Every coach has experienced a moment like the one Briget Melancon of Brighton School experienced before a recent volleyball tournament match.
“We were about to play against Lee and I was afraid it wasn’t going to go well,” said Melancon. “Lee is very good and tall. We don’t have a lot of height and this is our second college season.
“But you know what… we didn’t win, but we played so well. There were girls diving on the ground to pick up balls and we were passing. They were reacting and doing the things that we work on every day. I was so proud.
The Bengals (7-6, 1-0) won 3-0 over Louisiana School for the Deaf in their District 4-V opener on Monday, another notable achievement for a third-year program.
“It’s the hardest job I’ve ever had,” said Melancon, “but it’s also the most rewarding. I’m competitive and I always want to win. Coaching these girls made me rethink how to do it. things. They’re better and so am I. “
Brighton, a Class C school, specializes in the education of students with dyslexia and associated learning differences. Part of the new teacher training that Melancon took two years ago has really hit home. Teachers were asked to perform tasks by seeing them through a mirror, essentially the image a student with dyslexia sees.
“These students are coming to the same place as us, they just take a different path to get there,” Melancon said. “Their method of learning is different. They have to work extremely hard. For them, taking what they hear and acting on it is not always that easy.
Case in point: When Melancon started teaching players the basic drills, she would tell them to move left or right. More than one froze, trying to figure out which way to go. The solution was to put duct tape on a knee brace or on the top of a shoe for “left”.
Adapting to situations of loud noises and crowded spaces can also be a problem. Melancon said the players ‘parents are helping and applauding the Bengals’ successes.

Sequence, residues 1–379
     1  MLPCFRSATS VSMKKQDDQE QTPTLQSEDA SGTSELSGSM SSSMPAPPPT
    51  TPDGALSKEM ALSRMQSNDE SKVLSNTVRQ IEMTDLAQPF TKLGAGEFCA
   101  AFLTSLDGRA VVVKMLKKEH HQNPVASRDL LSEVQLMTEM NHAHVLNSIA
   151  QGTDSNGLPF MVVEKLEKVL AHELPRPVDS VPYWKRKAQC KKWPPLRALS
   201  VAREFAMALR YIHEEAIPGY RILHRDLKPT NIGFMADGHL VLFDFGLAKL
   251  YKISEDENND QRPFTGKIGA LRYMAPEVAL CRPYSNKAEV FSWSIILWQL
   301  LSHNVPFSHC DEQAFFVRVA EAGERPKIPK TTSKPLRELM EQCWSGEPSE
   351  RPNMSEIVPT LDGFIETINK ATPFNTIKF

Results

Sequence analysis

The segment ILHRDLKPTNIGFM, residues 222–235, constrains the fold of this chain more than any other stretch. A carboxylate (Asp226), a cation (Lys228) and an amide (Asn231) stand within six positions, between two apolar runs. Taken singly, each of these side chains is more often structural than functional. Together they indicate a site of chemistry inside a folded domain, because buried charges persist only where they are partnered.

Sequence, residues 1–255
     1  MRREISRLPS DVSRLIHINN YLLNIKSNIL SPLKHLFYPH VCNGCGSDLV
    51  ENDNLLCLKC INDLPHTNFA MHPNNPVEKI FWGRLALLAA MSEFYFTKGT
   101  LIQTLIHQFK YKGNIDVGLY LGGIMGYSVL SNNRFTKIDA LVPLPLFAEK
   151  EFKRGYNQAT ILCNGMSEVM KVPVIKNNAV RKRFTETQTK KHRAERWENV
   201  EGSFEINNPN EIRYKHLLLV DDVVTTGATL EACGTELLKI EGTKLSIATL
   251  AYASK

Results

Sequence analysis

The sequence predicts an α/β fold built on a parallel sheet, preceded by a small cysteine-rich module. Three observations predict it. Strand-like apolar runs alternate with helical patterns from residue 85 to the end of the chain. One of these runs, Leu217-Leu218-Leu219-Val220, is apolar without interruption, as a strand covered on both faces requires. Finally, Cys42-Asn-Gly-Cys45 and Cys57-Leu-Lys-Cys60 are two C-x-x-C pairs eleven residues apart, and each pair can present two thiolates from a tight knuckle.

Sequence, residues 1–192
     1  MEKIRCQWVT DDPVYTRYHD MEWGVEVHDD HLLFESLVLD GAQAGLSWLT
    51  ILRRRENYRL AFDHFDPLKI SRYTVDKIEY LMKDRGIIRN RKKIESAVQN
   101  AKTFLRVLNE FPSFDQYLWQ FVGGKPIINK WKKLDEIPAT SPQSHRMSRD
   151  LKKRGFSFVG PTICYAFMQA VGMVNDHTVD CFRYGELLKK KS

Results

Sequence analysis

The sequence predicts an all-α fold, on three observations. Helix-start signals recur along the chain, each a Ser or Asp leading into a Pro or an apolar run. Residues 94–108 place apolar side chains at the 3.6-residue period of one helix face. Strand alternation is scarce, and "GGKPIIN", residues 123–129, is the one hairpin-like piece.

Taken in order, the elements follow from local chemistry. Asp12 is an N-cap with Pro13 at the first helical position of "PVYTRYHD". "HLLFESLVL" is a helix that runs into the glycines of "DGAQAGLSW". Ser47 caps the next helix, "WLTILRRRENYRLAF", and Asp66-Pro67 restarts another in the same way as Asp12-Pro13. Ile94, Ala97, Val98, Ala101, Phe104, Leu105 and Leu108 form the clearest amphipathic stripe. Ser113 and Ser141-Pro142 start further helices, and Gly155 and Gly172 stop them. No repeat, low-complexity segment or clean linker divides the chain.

Melancon offers another example. Two years ago, the Bengals took part in a junior college tournament in a crowded and noisy gymnasium. Parents stepped in to help calm a player who found himself overwhelmed after a game.
Melancon’s concerns about the overall impact were quickly alleviated. Two players spoke with pride of playing “real volleyball” at a picnic table over lunch.
The Bengals’ 11-player squad, which includes girls in grades 7-12, have steadily improved their skills over the past two years. They’ve mastered basic skills and learned to perform the same offensive systems as most high school teams.
“I love volleyball,” said defensive specialist Amelia LeBlanc. “No matter what kind of day I have at school, volleyball makes things better. I love everything about it… playing and being part of a team.
LeBlanc’s feelings fulfill one of the key goals set when Melancon started the volleyball program two years ago.
“They’ve come this far,” Melancon said. “When I interviewed (Brighton Principal Kenny Henderson) his idea was to use athletics to give students a sense of belonging outside of their classes.
“I think parents see this as a building towards the future. At some point, when they are adults, they will be in a situation where they will have to react and react. Dyslexia will not be taken into account. That’s what they do in volleyball.
Setter Jessica Jones said volleyball offered a release after a hectic day of lessons. KK LeGaux adds: “We have come a long way. There is a sense of accomplishment.
Three of his players have chosen to play club volleyball in addition to being part of the Brighton squad.
There are times when Melancon needs to take a break and take a step back.
“It’s not one size fits all, as each student and their needs are different,” Melancon said. “One thing I have learned is to be patient. The other day a player asked a question about something that we look at every day. There was no point in making it a problem. We went there and moved on. “